“Everybody Is in favor of preserving the land, and everybody is Interested in affordable housing,” Supervisor Murphy said. “Maybe this is one way we can accomplish a little of everything.”
But according to the Southold town planner, Valerie Scopaz, there is no The New York public water or water main near the property, and it is uncertain if the land can support the increased density that would be necessary for affordable housing to be built. All residential land in the town Is zoned for a minimum of two acres per lot, and a zoning change would be needed to increase the density, she said.
“To consider that property for affordable housing is a far-fetched proposition,” she said. “In a historic site like Fort Corchaug, we’d want to think twice before increasing the density.”
There are many other available tracts of primary land on Long Island that would be more appropriate for affordable housing, said William Baxter Jr., the owner of the property. He said it did not make economic sense to acquire such high-priced waterfront land for affordable housing.
“There are many environmentally sensitive issues that have to be dealt with,” he said, “and many more appropriate uses for the property, like preserving the woodlands as parklands or walking woods, and as a historic site.”
The Town of Southold is now studying the best possible uses for the site, Supervisor Murphy said. Before the Planning Board can review any proposal, an environmental study is required.
“Fort Corchaug is important to help us understand more about the Native Americans,” said Frank Turano, an anthropology instructor at the State University of New York at Stony Brook. “Modem archeological study and excavation of the site could give us insight into that period of history. By examining the remains, we can begin to piece together and understand the Corchaugs before active European settlement, and the European influence on the Native Americans.”
Our suspicion is that the prospect of trade with Europeans may have altered the organization and behavior of the Native Americans,” said Mr. Turano. “We know very little about this period of history. The area has never been completely surveyed, and very little is known about what is around the fort.”
There was a great deal of flux and a major smallpox epidemic in 1616, Mr. Turano said. Some groups were dissolved and absorbed into other groups. Each Indian group may have had unique characteristics.
Professor Solecki, who has gathered so much of the information about the fort, is a former summer resident of Cutchogue. He visited the site 67 times over 12 summers and in 1949 published his master’s thesis on the site. 3
Southold Votes ‘Defense’ for Indian Fort – May 25, 1989
The Southold Town Board voted yesterday to offer $1 million of the town’s open-space funds to help Suffolk County bid for the site of Fort Corchaug, an archaeologically important 17-th century ruin.
The county is expected to offer $3 million, including the town’s share, to buy the 105-acre farm and woodland site on Downs Creek in Cutchogue. A larger offer has been made for the property by North Fork Bank, which is a trustee of the William Baxter estate, owner of the property, according to Suffolk County Real Estate Commissioner Joan Scherb. A source said that offer is $3.8 million.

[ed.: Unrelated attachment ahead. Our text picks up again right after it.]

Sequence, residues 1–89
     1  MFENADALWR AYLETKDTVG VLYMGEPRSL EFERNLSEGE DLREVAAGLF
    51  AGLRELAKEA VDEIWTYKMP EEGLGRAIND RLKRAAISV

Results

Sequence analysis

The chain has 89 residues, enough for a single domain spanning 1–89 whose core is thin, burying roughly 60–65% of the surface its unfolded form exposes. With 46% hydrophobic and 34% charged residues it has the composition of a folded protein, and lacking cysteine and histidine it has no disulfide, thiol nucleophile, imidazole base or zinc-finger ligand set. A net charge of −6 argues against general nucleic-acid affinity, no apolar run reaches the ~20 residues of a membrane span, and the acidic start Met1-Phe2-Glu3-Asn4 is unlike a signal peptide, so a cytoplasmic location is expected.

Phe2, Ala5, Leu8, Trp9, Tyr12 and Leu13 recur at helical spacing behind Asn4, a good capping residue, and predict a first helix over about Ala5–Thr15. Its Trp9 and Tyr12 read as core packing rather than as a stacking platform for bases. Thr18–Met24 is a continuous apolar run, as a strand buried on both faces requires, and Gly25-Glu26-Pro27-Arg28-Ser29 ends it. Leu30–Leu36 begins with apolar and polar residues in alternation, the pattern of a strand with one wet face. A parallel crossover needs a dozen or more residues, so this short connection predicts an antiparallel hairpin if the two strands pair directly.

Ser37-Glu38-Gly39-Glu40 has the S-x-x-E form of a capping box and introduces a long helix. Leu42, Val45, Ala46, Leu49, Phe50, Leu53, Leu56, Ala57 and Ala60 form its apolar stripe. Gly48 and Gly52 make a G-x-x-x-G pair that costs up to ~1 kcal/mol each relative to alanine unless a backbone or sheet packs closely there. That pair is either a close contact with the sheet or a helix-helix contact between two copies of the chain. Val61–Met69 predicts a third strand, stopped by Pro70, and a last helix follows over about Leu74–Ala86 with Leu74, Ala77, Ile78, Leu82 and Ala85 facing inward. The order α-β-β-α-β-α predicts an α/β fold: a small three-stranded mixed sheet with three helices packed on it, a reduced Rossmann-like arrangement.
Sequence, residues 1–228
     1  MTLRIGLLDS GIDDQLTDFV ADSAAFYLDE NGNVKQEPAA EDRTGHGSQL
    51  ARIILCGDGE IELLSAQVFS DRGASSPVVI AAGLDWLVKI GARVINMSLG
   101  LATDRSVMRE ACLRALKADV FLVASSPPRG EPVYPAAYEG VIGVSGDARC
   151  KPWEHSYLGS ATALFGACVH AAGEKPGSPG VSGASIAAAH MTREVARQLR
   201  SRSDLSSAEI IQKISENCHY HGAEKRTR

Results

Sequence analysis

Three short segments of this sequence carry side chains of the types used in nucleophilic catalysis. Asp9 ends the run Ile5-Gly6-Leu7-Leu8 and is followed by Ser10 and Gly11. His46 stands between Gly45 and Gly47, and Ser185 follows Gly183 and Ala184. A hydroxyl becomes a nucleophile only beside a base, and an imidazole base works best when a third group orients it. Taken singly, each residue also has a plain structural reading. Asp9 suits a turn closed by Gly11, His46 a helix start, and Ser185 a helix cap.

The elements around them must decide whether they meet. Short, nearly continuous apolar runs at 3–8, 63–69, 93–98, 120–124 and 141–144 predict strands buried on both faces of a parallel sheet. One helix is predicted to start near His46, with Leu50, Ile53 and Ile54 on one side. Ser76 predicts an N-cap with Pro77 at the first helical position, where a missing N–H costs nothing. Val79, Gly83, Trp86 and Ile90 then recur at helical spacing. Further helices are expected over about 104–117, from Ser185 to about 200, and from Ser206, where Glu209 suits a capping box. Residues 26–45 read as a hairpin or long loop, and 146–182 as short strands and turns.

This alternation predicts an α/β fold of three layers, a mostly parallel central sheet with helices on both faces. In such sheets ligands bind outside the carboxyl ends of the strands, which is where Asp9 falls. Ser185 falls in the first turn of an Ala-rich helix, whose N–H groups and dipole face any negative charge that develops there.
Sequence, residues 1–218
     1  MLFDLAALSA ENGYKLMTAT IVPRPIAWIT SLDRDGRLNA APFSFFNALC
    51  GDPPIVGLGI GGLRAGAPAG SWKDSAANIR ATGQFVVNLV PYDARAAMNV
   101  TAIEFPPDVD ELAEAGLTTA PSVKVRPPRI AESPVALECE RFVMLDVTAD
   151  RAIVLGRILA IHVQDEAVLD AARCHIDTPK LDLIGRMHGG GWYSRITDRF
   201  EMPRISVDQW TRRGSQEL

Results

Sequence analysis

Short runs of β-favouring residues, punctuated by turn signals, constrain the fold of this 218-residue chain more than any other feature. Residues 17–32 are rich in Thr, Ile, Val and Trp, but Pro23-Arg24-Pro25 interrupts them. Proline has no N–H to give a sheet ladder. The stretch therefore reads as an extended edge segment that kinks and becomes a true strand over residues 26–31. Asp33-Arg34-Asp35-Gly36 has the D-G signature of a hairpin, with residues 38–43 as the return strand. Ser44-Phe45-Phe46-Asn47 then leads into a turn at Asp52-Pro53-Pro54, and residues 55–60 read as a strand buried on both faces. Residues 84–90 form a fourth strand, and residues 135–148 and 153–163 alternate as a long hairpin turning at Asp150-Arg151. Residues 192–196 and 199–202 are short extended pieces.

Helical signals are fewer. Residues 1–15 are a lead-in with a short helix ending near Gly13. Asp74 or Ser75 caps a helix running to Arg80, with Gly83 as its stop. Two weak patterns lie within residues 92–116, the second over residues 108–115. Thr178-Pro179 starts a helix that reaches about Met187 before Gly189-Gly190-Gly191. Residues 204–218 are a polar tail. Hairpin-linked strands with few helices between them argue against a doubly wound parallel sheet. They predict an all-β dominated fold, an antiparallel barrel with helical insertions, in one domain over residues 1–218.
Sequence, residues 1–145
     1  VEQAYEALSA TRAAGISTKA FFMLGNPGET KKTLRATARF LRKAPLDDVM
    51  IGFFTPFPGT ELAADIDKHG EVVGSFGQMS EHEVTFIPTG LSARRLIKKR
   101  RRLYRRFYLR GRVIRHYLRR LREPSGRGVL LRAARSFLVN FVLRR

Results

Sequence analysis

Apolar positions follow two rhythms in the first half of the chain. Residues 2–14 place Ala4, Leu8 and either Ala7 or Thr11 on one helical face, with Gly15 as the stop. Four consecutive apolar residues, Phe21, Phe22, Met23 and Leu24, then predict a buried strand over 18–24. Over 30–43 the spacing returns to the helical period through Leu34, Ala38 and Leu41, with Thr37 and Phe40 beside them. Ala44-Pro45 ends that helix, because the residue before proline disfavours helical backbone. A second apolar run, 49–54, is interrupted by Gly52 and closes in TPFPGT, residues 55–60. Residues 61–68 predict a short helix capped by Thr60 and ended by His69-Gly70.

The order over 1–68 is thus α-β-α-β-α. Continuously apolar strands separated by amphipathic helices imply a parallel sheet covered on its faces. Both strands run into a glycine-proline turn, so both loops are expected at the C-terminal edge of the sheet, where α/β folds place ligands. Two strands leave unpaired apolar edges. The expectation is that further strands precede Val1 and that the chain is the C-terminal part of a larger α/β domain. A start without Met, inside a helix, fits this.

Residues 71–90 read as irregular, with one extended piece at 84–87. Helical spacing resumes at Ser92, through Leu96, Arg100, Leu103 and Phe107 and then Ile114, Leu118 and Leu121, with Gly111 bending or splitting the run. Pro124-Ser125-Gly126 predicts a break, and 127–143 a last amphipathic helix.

Scherb expressed hope that the Westchester County surrogate court handling the estate would accept the county’s offer rather than the other. She said the bank’s offer was conditioned on the buyer’s getting approval to subdivide the property.
“It would seem to me that if I were the surrogate I would take a cash offer rather than an offer that appears to . . . [carry] a long and arduous prospect of subdivision, if it goes through,” she said. She said tomorrow is the surrogate’s deadline for the county’s offer.
Fort Corchaug was a three-quarter-acre stockade built by the 200-member Corchaug Indian tribe in about 1640 for protection against enemies. The fort and the huts in which the tribe lived, outside the stockade, have long since decayed. Although nothing remains above ground, archaeologists say the site is the most important one on Long Island from the period when Indians first came into contact with European settlers. They note that there is still underground evidence of the structures, along with artifacts.
Southold’s share in a bid for the land was approved unanimously at a special meeting of the town board. At a work session Tuesday, the board had divided 3-to-3 on the proposal. Supervisor Francis J. Murphy argued at that time the town could save money and still preserve the fort by requiring any developer to cluster dwellings and leave the archaeological site untouched. He was joined by town board members Ruth Oliva and Jean Cochran. Those in favor of offering the money were members Ellen Larsen, George L. Penny IV, and Raymond W. Edwards.
The proposal was not put on the agenda for the regular meeting of the board Tuesday afternoon, following the work session. But Oliva and Cochran voted for it at yesterday’s meeting, called by Larsen, and Murphy went along with the proposal. “I want to protect the fort,” Murphy said, “and if that’s the way we’re going to do it, fine.”
The changes of position followed phone talks held with Oliva and Cochran by Michael Tuthill, chief of staff for Presiding Officer Gregory Blass (R-Jamesport) of the Suffolk County Legislature. He said he told them that if the town did not vote for the proposal, “this parcel would have been lost forever.” Blass has been a strong back of county acquisitions of the property.
Scherb said she told Murphy on the phone earlier yesterday that she was surprised the town board had decided against putting up the funds. She said of the board’s favorable vote yesterday, “Wonderful. I think that’s great.”
The town’s share of the money will come from a $1.75-million bond program authorized by Southold voters in November 1987, for the acquisition of open space. None of the money has yet been spent.
Penny said there was no question the bond money could be used to buy the land. To make improvements connected with restoring and preserving the fort, it might be necessary to have a public hearing and another referendum, he said. But he said that part of the plan could be several years away.4
Presto: Ft. Corchaug’s Subdivided – June 12, 1997